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Global Future Councils tackles job protection in the era of AI

  • NEWS
  • 17 October 2023

Governments can do more to upskill people and protect jobs in the age of artificial intelligence (AI), said experts at the Global Future Councils forum in a session titled ‘From Abogamers to Prompt Engineers: Navigating a New World of Work’.

The session gathered experts from the Universidad de San Andrés, Office of the Prime Minister of Serbia, Business News International Labour Organization (ILO) and The Inter-American Development Bank.

Micaela Mantegna, a TED Fellow at Universidad de San Andrés, emphasized the importance of addressing current AI risks.

"Some of the debates around AI are focused on existential risks, but the current risks need to be addressed. We need to focus on the now; there is a lot of automation, for example, in supermarket pay machines that are a replacement of labour, and that is something that we need to address,” she said.

Mantegna also pointed out the lack of maturity in AI systems, as seen in facial recognition technology, and discussed the changing face of employment, highlighting the rise of influencers and professional video gamers.

Marta Arsovska Tomovska, the Director for Digitalization at the Office of the Prime Minister of Serbia, expressed concerns over the speed at which AI technologies are advancing.

"The idea before was that AI would replace simple tasks, but now we see generative AI is replacing some of the creative jobs. We have to think about what jobs will stay and what jobs will be replaced in the near future, and we need to decide what jobs we want to keep in the near future and governments can do many things in skilling workers,” she said.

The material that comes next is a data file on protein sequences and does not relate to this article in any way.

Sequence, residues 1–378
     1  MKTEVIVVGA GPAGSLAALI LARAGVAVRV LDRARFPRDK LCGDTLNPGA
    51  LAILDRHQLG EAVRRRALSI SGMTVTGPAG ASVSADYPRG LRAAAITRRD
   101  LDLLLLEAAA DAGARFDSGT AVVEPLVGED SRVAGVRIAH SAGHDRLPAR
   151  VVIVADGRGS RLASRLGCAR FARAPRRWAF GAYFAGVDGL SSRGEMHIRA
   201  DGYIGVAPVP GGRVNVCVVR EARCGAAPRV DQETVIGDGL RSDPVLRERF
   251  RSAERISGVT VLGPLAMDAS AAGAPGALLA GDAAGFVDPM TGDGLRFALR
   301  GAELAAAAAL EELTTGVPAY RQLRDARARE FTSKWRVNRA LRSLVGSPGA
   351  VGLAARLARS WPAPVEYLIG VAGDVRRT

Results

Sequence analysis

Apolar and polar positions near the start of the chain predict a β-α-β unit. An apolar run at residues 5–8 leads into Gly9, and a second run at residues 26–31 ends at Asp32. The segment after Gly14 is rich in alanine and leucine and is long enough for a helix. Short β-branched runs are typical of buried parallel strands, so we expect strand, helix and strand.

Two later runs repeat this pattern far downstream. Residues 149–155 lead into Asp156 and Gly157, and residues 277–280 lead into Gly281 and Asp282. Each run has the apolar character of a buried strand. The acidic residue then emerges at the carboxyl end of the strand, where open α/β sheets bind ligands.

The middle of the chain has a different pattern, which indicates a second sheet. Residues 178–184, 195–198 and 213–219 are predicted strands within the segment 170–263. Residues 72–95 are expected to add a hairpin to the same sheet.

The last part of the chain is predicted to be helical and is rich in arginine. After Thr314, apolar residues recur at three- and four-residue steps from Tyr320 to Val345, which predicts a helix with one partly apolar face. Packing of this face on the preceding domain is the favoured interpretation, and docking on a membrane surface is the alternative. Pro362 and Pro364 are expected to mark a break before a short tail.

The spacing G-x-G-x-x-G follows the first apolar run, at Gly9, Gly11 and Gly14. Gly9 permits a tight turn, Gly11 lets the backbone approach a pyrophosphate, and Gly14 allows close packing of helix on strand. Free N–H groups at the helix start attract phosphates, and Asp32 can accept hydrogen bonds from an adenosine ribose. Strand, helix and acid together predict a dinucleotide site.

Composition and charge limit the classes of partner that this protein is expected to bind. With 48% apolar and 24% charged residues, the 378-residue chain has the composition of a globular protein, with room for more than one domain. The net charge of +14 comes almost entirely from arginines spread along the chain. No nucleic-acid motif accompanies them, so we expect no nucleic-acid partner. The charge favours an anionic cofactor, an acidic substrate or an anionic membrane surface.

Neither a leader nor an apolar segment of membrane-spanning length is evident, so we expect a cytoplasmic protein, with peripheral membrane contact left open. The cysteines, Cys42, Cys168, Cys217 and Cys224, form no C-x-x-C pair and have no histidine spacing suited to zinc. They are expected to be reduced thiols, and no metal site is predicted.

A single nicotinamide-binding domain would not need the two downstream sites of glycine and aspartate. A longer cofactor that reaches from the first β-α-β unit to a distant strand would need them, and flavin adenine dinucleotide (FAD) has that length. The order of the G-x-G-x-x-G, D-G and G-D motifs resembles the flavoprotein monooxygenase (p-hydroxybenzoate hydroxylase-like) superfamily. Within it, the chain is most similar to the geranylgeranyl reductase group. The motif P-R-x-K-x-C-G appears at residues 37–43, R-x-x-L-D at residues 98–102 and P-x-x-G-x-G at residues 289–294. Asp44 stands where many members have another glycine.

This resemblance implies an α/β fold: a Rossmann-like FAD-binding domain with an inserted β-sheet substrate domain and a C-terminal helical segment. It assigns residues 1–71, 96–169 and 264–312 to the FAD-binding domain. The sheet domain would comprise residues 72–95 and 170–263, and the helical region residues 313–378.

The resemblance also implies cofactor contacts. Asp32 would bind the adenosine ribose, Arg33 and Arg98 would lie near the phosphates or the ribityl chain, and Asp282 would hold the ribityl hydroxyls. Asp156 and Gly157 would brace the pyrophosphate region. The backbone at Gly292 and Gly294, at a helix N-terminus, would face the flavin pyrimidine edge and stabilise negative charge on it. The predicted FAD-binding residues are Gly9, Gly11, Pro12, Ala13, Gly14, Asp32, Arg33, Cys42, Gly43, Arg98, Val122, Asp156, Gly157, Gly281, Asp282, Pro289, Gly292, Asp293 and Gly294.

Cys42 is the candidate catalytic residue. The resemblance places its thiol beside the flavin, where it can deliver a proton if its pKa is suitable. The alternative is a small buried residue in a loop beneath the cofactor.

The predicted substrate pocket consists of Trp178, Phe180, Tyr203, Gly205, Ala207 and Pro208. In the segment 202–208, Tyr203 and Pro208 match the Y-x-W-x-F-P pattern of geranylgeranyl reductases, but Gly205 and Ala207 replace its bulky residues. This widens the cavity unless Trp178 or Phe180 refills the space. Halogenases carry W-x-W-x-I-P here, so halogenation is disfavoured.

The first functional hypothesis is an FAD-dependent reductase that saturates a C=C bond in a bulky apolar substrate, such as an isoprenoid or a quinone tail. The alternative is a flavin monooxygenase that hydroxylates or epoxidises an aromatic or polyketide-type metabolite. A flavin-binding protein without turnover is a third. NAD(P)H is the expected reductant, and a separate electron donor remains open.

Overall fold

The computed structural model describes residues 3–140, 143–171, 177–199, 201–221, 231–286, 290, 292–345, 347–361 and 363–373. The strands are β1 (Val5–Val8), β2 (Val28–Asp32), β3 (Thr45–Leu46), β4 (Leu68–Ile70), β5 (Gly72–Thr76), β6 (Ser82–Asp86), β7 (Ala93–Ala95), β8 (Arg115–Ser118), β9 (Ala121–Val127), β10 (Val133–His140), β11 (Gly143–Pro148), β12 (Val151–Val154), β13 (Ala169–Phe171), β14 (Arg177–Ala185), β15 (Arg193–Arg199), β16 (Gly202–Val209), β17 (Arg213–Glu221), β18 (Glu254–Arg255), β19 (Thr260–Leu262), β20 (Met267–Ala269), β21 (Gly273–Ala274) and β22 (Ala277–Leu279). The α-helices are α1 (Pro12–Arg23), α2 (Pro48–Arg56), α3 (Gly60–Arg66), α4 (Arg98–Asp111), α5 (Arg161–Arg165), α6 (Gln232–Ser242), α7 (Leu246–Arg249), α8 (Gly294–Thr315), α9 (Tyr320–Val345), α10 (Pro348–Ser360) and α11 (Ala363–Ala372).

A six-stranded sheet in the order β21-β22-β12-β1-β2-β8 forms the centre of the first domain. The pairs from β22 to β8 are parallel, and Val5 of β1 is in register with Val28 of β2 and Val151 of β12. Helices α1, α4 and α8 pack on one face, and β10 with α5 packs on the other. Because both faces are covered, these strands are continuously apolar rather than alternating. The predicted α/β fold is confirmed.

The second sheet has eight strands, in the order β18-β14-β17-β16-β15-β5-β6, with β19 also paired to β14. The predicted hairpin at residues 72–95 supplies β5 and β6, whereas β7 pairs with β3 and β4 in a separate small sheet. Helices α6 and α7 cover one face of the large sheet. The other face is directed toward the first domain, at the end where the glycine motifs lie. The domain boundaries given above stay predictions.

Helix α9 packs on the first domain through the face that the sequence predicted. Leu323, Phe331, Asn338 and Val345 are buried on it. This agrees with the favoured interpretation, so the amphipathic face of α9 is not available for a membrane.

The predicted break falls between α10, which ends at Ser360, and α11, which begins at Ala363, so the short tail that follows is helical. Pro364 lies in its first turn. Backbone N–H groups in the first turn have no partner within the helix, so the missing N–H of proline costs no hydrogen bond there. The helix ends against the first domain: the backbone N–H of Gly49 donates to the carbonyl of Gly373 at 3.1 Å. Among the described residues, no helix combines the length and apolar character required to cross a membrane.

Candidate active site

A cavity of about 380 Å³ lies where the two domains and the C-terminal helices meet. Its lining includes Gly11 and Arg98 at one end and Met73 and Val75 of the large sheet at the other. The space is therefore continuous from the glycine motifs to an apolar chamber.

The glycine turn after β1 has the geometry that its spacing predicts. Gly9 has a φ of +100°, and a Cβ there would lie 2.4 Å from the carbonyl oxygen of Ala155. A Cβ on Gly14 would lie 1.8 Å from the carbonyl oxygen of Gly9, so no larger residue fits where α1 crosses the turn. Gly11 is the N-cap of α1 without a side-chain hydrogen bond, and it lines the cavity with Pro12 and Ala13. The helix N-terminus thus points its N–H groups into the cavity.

Tomovska emphasized the need to focus on jobs that combine multiple skills, like problem-solving and empathy, which AI can't yet replace.

Lee Sangheon from the International Labour Organisation (ILO) delved into the challenges of skilling and reskilling in the AI era.

"We have to remember to advocate in the investment in skills and people; the irony is actual investment in skills and training has been declining in many countries, and we have to make sure that individuals are provided with skills support over their lifetime," Sangheon said.

Eric Parrado, the Chief Economist and General Manager at the Inter-American Development Bank, discussed the vast skills gap in the global labor market.

"Labor markets are evolving quickly, but the skills gap is huge; we talk about stranded assets but not stranded people who have to change location and retrain. In certain patches around the world, there is an educational crisis, apart from the geopolitical crisis, and governments, the private sector and businesses need something short-term," Parrado said.

He urged for flexibility in education and emphasized that developing countries might be more resilient to AI disruptions than their OECD counterparts.